Although we should consider the legislative history to ascertain whether Congress' intent was contrary to section 156(f)(2)'s plain meaning, we do not analyze this history from a neutral viewpoint. Rather, given the plain meaning, the Commissioner must provide an " extraordinary showing of contrary intentions." Garcia v. United States, 469 U.S. 70, 75, 105 S.Ct. 479, 482, 83 L.Ed.2d 472 (1984) (emphasis added); Fisons PLC v. Quigg, 876 F.2d 99, 101, 10 USPQ2d 1869, 1870 (Fed. Cir. 1989). We conclude that no such showing has been made.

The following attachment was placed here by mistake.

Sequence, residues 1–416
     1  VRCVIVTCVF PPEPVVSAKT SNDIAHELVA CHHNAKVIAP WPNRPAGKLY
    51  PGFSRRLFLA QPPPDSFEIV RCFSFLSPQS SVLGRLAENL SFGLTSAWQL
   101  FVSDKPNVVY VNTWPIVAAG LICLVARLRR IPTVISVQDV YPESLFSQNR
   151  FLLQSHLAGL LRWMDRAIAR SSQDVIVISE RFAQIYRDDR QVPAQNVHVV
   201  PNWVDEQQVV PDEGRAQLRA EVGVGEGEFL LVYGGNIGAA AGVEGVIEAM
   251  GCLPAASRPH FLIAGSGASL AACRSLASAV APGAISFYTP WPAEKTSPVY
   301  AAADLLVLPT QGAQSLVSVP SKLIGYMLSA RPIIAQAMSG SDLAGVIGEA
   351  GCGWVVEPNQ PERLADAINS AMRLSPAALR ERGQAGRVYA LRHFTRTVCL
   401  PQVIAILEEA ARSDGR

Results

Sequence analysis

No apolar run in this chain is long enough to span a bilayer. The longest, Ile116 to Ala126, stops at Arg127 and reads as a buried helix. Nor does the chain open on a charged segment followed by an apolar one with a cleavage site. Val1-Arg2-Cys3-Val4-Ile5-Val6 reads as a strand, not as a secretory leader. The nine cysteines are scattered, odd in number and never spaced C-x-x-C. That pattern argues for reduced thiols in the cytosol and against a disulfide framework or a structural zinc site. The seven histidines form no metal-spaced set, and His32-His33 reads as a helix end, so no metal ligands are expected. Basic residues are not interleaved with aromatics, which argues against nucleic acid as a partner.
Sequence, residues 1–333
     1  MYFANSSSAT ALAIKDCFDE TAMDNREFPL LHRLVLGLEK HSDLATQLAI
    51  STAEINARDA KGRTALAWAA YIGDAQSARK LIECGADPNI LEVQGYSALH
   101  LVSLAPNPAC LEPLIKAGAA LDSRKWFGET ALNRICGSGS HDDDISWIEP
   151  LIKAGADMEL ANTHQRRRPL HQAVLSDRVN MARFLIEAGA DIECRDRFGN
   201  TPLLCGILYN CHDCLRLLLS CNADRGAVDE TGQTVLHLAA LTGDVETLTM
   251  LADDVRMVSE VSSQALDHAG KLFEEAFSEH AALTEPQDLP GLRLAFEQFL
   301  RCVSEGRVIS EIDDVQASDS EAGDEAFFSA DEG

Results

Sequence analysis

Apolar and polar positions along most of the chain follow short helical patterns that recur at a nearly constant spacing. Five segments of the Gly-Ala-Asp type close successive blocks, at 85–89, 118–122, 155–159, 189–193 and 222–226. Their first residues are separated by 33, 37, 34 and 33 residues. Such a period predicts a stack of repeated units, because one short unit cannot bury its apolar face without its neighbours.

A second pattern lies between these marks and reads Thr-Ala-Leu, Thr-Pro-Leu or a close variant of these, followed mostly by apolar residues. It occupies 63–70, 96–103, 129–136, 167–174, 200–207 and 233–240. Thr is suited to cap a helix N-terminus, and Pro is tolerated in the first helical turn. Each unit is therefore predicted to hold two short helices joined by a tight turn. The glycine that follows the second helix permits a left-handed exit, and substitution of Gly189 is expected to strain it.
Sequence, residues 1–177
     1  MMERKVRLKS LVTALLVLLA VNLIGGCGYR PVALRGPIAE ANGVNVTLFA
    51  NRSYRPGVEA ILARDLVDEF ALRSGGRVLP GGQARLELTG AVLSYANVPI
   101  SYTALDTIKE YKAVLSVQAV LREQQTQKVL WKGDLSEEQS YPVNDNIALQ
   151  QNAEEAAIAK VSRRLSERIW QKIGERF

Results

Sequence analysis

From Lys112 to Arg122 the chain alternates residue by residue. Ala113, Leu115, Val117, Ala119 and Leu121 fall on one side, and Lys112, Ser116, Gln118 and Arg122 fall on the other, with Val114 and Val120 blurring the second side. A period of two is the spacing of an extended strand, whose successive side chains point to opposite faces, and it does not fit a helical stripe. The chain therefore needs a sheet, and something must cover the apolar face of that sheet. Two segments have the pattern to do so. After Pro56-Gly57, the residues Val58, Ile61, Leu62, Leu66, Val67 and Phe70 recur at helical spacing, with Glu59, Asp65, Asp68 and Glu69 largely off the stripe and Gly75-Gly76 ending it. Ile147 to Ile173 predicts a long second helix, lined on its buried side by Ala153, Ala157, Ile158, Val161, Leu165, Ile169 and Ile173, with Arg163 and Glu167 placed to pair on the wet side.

The Commissioner correctly notes that the Act has two general purposes: (1) to increase the availability of low-cost drugs by expanding a generic drug approval procedure; and (2) to further encourage new drug research by restoring some of the patent term lost while drug products undergo testing and await FDA pre-market approval. H.R. Rep. No. 857, 98th Cong., 2d Sess., pt. 1, at 14-15 [hereinafter House Report], reprinted in 1984 U.S. Code Cong. Admin.News. 2647, 2647-48 [hereinafter USCCAN]. The Commissioner contends that applying the plain meaning of section 156 to patent term extension determinations will create absurd results contrary to these purposes. Although we agree that the Commissioner's interpretation of the meaning of section 156 is consistent with these general purposes, the plain meaning of section 156 is also consistent; the plain meaning can be said to provide exactly how the general objectives of the Act are to be sought. This is all the more so when, as here, the two objectives are divergent if not in outright opposition to one another. The terms Congress selected achieve a balance between the broader extensions some urged and the narrower extensions others sought and the Commissioner now advocates.